Grocery Getter: Acura 3.5 TL Type S
    Weekender: 1988 Mazda RX-7 Turbo 2 Convertible - RIP
    Weekender 2: 1994 Mazda RX-7 - T51R setup almost finished
    Weekender 3: 1991 Mazda RX-7 Turbo 2 - GTXXR ???
    Garage Trophy: 1995 Chevy Impala SS - 19000 Miles

  2. #2
    Investments Guru Hurleysurf24's Avatar
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    Some of this stuff was obvious, but I thought it was a decent read:

    1. Once a month: Pare it down, sell it off

    The next time you're cleaning your actual house, consider: Do you really need all the stuff you're dusting? Too many of us are drowning in clutter. Set aside 20 minutes once a month to weed out clothes, toys, knickknacks, the wedding-gift wok you used exactly twice. Sell the surplus on eBay or donate it to a charity thrift shop.

    Donna Freedman

    "Americans are beginning to understand the power of purging," says interior design specialist Christopher Lowell. This results in a comfortable living space full of carefully chosen items.

    Comfortable people are happy, which may mean fewer impulse buys and less spending to replace things lost in all the clutter (gloves, nail clippers, screwdrivers and the like).

    Consider purging dry-clean-only items, or vow to stop buying them. Those you feel you must keep can be cleaned less often if you're not a messy eater who sweats profusely. Lowell suggests that you "freshen" clothing once a week with a spray product such as Febreze.
    "There's no reason you can't rotate your clothes. That can save literally a thousand dollars a year," Lowell says.

    2. Once a month: Do a walkaround


    Take a fast walk around your car to look for fluids on the driveway or low/bulging tires. Check the oil and the lights. These simple chores could save you a world of hurt.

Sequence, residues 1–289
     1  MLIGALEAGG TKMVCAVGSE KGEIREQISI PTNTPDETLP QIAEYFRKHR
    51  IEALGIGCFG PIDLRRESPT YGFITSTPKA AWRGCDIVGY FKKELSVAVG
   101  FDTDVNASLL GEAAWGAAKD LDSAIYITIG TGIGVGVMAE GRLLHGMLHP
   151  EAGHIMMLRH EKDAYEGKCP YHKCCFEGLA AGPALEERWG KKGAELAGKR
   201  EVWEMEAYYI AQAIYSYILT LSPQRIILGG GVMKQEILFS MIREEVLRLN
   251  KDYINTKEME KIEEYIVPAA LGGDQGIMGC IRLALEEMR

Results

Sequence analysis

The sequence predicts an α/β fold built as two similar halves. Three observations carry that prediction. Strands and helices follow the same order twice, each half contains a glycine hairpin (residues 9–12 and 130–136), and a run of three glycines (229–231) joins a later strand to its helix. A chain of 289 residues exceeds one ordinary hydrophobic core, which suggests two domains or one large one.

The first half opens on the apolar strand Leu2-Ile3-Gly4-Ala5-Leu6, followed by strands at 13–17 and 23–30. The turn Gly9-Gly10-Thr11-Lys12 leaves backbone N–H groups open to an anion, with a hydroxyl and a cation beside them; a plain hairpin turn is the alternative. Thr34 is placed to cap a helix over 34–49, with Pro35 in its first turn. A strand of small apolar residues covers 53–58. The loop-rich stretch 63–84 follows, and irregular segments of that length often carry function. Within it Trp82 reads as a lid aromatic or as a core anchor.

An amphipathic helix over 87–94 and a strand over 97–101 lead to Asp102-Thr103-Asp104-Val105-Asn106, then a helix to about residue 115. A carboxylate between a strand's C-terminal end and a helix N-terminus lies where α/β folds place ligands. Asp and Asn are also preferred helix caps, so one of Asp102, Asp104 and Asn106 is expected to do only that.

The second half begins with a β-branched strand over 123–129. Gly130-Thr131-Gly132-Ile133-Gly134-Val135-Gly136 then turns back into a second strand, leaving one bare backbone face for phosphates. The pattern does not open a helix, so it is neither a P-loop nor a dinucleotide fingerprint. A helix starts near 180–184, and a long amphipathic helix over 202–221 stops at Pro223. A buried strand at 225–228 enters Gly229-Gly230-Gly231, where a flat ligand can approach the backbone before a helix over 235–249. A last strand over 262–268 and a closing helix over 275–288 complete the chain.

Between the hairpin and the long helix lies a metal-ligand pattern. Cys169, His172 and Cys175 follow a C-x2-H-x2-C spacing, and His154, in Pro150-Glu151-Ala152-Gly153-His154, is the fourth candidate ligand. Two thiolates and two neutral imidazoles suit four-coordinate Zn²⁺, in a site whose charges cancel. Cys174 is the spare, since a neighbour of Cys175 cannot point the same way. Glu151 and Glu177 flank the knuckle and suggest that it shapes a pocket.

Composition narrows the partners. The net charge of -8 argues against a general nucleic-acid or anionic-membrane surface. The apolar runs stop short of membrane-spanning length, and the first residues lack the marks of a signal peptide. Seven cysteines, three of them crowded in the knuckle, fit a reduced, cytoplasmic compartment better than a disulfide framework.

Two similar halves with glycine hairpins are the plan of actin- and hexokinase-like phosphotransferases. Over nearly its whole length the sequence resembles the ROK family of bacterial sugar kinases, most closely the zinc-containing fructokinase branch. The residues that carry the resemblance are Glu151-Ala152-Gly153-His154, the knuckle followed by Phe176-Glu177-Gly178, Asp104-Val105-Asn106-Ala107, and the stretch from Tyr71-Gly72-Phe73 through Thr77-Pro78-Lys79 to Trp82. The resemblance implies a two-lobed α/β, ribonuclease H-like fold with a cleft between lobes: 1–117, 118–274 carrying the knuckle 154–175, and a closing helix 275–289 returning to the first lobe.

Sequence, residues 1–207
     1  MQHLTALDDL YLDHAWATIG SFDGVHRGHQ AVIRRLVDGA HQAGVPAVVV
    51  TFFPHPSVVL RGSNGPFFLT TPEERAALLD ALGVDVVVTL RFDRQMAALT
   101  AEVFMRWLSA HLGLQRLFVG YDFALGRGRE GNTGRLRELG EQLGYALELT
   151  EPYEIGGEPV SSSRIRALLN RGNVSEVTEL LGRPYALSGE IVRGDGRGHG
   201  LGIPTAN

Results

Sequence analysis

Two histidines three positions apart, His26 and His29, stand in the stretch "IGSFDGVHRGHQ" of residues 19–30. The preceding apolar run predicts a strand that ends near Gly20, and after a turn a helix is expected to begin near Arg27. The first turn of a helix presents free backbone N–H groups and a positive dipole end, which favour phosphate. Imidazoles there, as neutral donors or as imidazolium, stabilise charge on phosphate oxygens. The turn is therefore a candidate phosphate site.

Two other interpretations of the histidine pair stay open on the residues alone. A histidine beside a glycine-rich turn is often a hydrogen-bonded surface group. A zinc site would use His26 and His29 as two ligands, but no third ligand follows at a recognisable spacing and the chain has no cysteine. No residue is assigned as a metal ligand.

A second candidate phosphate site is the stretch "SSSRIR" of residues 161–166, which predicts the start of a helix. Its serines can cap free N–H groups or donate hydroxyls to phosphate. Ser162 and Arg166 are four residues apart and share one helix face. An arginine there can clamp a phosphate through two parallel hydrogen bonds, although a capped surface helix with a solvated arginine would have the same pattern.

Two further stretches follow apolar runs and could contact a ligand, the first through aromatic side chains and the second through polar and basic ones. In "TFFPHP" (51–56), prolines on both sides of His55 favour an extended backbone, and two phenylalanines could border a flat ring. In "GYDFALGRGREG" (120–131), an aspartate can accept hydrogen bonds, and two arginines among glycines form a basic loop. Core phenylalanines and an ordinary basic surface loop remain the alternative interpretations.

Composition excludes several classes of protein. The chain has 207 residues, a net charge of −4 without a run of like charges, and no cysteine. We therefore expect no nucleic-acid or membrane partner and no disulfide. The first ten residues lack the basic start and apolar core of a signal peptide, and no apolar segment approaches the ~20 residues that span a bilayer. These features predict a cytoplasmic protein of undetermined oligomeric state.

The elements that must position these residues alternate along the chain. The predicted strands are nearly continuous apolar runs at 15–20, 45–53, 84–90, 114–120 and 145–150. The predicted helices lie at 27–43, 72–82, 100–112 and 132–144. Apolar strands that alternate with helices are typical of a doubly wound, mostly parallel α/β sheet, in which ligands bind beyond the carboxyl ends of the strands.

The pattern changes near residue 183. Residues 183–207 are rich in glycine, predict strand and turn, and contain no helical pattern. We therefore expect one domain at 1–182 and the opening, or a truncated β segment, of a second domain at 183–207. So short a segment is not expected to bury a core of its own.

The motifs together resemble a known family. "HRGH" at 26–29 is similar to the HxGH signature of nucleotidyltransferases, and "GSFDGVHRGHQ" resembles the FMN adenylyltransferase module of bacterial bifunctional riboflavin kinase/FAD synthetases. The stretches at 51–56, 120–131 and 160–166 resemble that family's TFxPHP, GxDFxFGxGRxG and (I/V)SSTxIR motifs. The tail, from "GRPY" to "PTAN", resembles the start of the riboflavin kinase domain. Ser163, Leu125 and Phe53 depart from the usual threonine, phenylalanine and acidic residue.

Do the same for your house: 20 minutes indoors and 20 minutes outdoors. Look for issues like mildew, slow-running rain gutters, foundation cracks, crumbling caulk, peeling paint, basement dampness, loose weatherstripping or missing shingles.
    Put fixes on your to-do list: Change the filter on your furnace or air conditioner; check exterior air-conditioning units for leaves or other debris. Both are quick ways to lower utility costs.
    Stuart Hickox, the founder and president of the nonprofit OneChange suggests several other fast ways to save on energy costs:

    • Switch out incandescent bulbs for compact fluorescent bulbs certified by Energy Star.
    • Use power strips for electronics and appliances, and turn them off when not in use; "vampire" energy use accounts for up to 15% of your electric bill.
    • Get a programmable thermostat. It takes only a few minutes to program, and a one-degree change can save you 3% to 5% in energy costs.
    • See if your region offers free refrigerator recycling and/or rebate programs, then invest in a new icebox; it will save you $120 or more per year on your electric bill.

    3. Every time: Comparison shop

    Before you buy that fridge -- or anything else -- take 20 minutes to shop around. Start with price comparison websites, which will find the best price for a "site to store" deal, i.e., bought online but picked up locally.